Academic journal article Business Case Journal

An Examination of Cases in the Classroom: How Faculty Make Effective Use of Case Studies for Teaching

Academic journal article Business Case Journal

An Examination of Cases in the Classroom: How Faculty Make Effective Use of Case Studies for Teaching

Article excerpt

Recipient of the 2017 MBAA International Best Paper Award, Society for Case Research, MBAA Annual Meetings, Chicago, IL. March 2017


Faculty members have been utilizing the case study method in their classrooms for quite some time. Harvard University claims that the Dean of its law school, Christopher Columbus Langdell, invented the case study method in 1870 (Harvard Law School, 2016). However, case studies are not just utilized in law schools; they are also prevalent in other fields, such as business and healthcare.

A case study, as utilized in law, business and health sciences colleges, is defined as, "a series of real events that tell a story about an issue or conflict to be resolved" (Peters, Cellucci, and Ford, 2015, p. 1; Stanford Center for Teaching and Learning, 1994). A case study often contains a set of characters, with which the reader can identify, and presents in-depth information about a possible conflict or issue that needs to be resolved. Furthermore, there are often a variety of possible solutions that can be utilized to solve the conflict or issue at hand.

University faculty know that some students learn more effectively when they are able to examine instances and examples and then draw their own conclusion from the evidence they have gathered and analyzed. Case studies are an example of a pedagogical tool that can facilitate this type of learning. Thus, the writing, publishing, and use of case studies by university faculty has continued to grow as faculty realized the need for good, quality cases.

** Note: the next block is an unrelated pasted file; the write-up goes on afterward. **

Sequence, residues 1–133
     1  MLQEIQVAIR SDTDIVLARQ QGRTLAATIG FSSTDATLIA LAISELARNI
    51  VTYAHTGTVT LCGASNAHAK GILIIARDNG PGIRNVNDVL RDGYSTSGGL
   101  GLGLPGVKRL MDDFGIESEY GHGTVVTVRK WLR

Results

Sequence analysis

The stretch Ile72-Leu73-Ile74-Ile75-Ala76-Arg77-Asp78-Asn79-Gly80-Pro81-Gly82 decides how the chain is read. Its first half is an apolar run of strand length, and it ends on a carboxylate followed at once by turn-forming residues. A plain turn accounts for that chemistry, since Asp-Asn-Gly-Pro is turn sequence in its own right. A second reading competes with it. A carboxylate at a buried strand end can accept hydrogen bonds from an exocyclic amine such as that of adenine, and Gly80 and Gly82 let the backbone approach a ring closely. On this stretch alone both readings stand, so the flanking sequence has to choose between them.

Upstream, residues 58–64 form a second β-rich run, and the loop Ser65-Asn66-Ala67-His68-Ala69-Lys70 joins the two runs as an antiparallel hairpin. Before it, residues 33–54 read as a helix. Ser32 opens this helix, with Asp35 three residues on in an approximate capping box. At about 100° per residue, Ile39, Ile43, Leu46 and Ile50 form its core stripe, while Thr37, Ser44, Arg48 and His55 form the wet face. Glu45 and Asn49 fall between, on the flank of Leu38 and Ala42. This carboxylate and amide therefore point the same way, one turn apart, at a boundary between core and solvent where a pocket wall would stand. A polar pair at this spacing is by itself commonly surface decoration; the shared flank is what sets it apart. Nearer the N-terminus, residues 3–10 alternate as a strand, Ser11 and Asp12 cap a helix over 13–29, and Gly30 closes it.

However, while the use of cases in the classroom has grown, there is very little literature that has examined how professors from various fields (i.e., accounting, management, marketing, healthcare, etc.) are using cases as experimental learning tools across a variety of contexts (i.e., undergraduate versus graduate classes; online versus in-person classes;, etc.). And most of the literature on the subject to date is conceptual in nature in that the articles present suggestions for how professors should be using cases in the classroom, as opposed to asking what professors are actually doing with cases in their classes.

Thus, the purpose of the present study is to examine how professors use cases in their classes. To that end, we will present the literature review, followed by the methodology, results, and discussion.

Theoretical Foundation

There is a dearth of literature that has examined how cases are used in the classroom. Furthermore, most of the publications that do discuss usage of cases in the classroom focused on a limited subset of the issues related to this domain. Vega (2013) was one of the few researchers to present a holistic picture of the issues faculty should consider when using cases in the classroom. Simply put, Vega (2013) utilized an acronym that she calls the "5Ps" to capture the various constructs related to using cases in the classroom. The 5 Ps are purpose, persona, preparation, practice and problems. We will review each of these constructs below, while also highlighting other publications in the literature that relate to (or reinforce) each of the five Ps (i.e., those that examine a subset of the issues identified by Vega, 2013).


The Stanford Center for Teaching and Learning (1994) stated the instructor should first identify the goals that he/she has for wanting to use a case in the classroom. Vega (2013) similarly stated that the professor should identify the purpose (i.e., goals) for using the case in that particular class. Goals for using a case vary around numerous topics, such as helping students apply theory to complex/real world problems; giving students team work experiences; helping students draw connections across disciplines; giving students practice analyzing data and drawing conclusions from the data; providing students with an active learning environment; fostering critical thinking skills among the students; showing students how to look at problems/issues in different ways; and finally, engaging students in discussion and making them actively responsible for their own learning. …

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